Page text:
Earlier this month, U.S. District Judge Richard Leon ruled that the cigarette makers are likely to succeed in a lawsuit to stop a Food and Drug Administration (FDA) requirement that they put graphic images across the top half of all their packs.
The images included photos of dead and diseased smokers, which Leon said went beyond conveying the facts about health risks into stop-smoking advocacy. The requirement was supposed to go into effect next year. But Leon blocked it until after the lawsuit is resolved, which could take years.
Tobacco is the leading cause of preventable deaths in the United States, accounting for one in every five deaths every year, according to the Centers for Disease Control and Prevention. About 21 percent of U.S. adults smoke cigarettes, a number little changed since 2004.
The Food and Drug Administration in June released nine new warnings to go into effect in September 2012, the first change in U.S. cigarette warning labels in 25 years. Cigarette packs already carry text warnings from the U.S. Surgeon General. Congress instructed the FDA to impose the new labels as part of 2009 legislation making the agency responsible for regulating tobacco products.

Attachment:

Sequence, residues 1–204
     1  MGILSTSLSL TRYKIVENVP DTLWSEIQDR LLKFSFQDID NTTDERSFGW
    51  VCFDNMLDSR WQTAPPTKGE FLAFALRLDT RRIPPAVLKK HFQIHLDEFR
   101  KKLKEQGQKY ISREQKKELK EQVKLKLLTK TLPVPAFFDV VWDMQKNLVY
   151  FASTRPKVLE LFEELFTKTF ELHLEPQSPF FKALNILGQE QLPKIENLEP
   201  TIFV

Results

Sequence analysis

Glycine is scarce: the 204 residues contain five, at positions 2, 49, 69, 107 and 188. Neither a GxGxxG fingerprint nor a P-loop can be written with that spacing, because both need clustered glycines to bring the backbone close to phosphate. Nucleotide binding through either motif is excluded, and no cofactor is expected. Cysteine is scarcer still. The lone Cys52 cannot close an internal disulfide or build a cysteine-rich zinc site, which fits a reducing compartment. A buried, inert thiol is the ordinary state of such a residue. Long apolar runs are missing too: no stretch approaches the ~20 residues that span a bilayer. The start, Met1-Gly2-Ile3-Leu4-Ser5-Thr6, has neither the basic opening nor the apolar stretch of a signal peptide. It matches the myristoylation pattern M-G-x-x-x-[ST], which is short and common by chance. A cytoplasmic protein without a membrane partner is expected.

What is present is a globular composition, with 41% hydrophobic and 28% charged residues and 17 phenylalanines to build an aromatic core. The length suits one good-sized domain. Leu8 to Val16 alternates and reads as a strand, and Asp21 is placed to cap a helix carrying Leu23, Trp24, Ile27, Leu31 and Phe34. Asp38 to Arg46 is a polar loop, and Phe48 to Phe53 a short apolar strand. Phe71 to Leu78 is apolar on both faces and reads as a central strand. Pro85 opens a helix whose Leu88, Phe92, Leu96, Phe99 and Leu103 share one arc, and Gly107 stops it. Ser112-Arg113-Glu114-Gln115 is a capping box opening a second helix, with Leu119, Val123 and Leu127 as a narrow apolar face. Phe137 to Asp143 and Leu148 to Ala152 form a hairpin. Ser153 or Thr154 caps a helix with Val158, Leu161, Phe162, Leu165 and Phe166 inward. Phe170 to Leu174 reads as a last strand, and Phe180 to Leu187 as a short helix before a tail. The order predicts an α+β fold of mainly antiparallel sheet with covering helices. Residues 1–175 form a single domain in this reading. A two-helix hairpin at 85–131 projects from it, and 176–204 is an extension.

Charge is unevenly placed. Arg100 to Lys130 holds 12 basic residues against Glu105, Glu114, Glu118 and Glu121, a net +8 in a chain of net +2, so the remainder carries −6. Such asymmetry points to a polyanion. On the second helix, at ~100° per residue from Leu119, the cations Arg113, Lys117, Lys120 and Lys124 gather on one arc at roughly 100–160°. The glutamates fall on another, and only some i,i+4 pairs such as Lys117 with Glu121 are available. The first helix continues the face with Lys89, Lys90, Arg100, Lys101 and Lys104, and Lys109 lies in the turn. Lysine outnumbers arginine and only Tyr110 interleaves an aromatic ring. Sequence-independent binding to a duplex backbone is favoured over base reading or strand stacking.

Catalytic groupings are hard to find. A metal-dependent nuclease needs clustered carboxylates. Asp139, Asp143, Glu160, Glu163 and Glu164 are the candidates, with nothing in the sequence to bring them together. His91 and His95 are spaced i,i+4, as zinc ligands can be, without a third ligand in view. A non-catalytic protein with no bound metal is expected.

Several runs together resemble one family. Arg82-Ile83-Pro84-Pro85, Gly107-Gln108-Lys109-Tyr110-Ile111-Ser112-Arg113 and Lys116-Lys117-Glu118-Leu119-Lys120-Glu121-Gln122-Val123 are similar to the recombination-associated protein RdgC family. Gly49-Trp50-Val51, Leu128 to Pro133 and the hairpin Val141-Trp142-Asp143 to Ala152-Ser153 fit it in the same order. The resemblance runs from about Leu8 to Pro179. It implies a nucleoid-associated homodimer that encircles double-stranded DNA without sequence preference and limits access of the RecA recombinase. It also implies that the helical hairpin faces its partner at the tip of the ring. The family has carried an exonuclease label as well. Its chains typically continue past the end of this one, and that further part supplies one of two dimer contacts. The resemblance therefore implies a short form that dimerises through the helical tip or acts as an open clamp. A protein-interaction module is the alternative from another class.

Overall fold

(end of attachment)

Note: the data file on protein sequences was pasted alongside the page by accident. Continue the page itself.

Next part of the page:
Reynolds American Inc's R.J. Reynolds unit, Lorillard Inc, Liggett Group LLC and Commonwealth Brands Inc, owned by Britain's Imperial Tobacco Group Plc, sued the FDA in August to block the new advisories. They argued the new graphic warnings force them to “engage in anti-smoking advocacy” on the government's behalf, breaching their right to free speech.
But Leon said the graphic images were not narrowly tailored, meaning they are unlikely to survive constitutional muster. He said they provoked an emotional response rather than just providing factual and noncontroversial information, crossing the line into using company advertising for government advocacy.
The Obama administration is appealing the judge’s order against stopping the requirement of the images on cigarette packs. The administration filed a notice of appeal Tuesday to the U.S. Court of Appeals in Washington.